If you haven't heard (or don't check Pitchfork like its your Twitter account), Steve Albini is pissed off -- again. In a Q&A with GQ.com published this week, everyone's favorite producer/indie curmudgeon decided to attempt to assassinate Sonic Youth's impenetrable DIY credibility. Serving up some deep cuts -- mostly in regard to the band signing to a major label in the '90s -- he also accused the band of having the ability to cultivate counterculture-looking, ambitionless bands.
Since this latest outburst (has and) will continue to warrant plenty of Albini-bashing elsewhere on the Internet, we've decided to focus on the positive -- like the stuff Sonic Youth has done that might look like "selling out" but is actually valid, smart and less integrity-compromising than you'd think.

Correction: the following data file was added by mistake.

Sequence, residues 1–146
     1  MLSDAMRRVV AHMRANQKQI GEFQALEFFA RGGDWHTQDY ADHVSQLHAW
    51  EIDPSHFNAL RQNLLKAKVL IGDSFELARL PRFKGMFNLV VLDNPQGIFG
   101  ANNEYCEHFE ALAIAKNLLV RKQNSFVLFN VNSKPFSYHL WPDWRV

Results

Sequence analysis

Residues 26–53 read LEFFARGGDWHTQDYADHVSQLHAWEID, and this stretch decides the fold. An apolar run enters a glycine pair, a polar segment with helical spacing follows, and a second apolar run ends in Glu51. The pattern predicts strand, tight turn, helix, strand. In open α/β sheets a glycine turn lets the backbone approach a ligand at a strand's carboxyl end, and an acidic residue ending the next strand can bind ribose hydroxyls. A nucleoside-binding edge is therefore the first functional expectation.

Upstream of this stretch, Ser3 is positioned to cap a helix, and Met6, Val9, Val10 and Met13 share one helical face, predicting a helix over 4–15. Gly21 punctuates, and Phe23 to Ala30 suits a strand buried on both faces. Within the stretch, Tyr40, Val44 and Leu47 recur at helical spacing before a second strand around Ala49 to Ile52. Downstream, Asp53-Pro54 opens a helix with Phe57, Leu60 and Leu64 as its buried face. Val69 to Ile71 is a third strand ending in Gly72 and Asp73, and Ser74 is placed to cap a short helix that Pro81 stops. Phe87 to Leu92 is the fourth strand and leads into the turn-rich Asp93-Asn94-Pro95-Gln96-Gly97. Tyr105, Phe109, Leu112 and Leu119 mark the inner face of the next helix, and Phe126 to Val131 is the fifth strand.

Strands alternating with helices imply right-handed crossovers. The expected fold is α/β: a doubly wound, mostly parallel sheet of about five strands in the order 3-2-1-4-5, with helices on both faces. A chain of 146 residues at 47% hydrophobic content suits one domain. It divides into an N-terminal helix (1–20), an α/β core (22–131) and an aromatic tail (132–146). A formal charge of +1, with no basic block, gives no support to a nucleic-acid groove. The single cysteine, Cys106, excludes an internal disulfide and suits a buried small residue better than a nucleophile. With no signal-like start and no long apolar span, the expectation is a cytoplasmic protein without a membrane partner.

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Sonic Youth crawls in bed with Starbucks Buying music (in a tangible sense) from a place other than a record store has never seemed like a good idea -- remember when Pottery Barn sold "lifestyle" CDs? Starbucks isn't far from such un-coolness, and when Sonic Youth decided to ask a bunch of famous people to pick their favorite Sonic Youth songs for a compilation in 2008, the resulting Hits Are for Squares album concept came across like a collective loss of the band's mind/integrity. But (luckily) the record hardly sold any copies at all -- and Lee Ronaldo declared it "the rarest record we ever released," because not many were even pressed. Even in the face of a massive corporation's attempt at culture homogenization through a trusted DIY source, the band's true ethos prevailed, and the joke was on Starbucks. Sonic Youth 1, Elitist naysayers 0. Kim Gordon makes clothes for Urban Outfitters In the '90s, Gordon launched a casual T-shirt and dress line called X-Girl (along with men's partner line X-Large, with Mike D of the Beastie Boys), so her 2009 step into the world of fashion wasn't a surprise. But coming together with Urban Outfitters -- the store that markets the idea of empowerment through music over actual empowerment -- seems counterintuitive to the group's experimental art roots. But much like selling a Sonic Youth shirt (which Urban does) to someone who may not know what Sonic Youth is, Gordon's Mirror/Dash line will most likely be bought by people who will never buy Sonic Youth's records, or know that the woman behind their hip clothes is the age of their mom, effectively keeping the band's music from becoming "popular" with anyone under the age of 25. Like Gordon's shirt once proclaimed, Girls Invented Punk rock, not England. And Urban Outfitters invented purchasable counterculture, not Sonic Youth. Sonic Youth cover "Superstar" in 1994 for If I Were A Carpenter Cover songs should go one of two ways: A band should either create a better version of the original or create a track so different, it is virtually unrecognizable. Sonic Youth managed both of these things with its 1994 reformatting of The Carpenters' "Superstar" -- a once flat and whiny Karen Carpenter story transformed into a haunting, deathly declaration of obsession channeled through Thurston Moore. Less than a decade after this collection was released, it was almost impossible to find, until a little movie called Juno shot "Superstar" into relevancy. A whole new generation of kids was introduced to Sonic Youth, hopefully altering the course of a Fergie-listening future as we know it. But probably not. Sonic Youth makes art cool--and gets it sold for a lot of money Yes, Sonic Youth has an unwavering fan base, and yes, the band has seen moderately successful record and ticket sales over the last three decades. But when Gerhard Richter's "Kerze" went on the auction block in 2008, the painting -- which was also the cover art for the act's celebrated 1988 release, Daydream Nation -- it sold for over two million dollars. Though Richter's own merit as an artist is a factor in the sale, there is no doubt that New York's noise royalty was partly to thank for the hefty price tag. The sale isn't really "selling out" in the traditional sense, but it is an interesting look at Sonic Youth's effect on popular culture (even in the art world) and the band's inability to capitalize on its own success--or even be affected by it.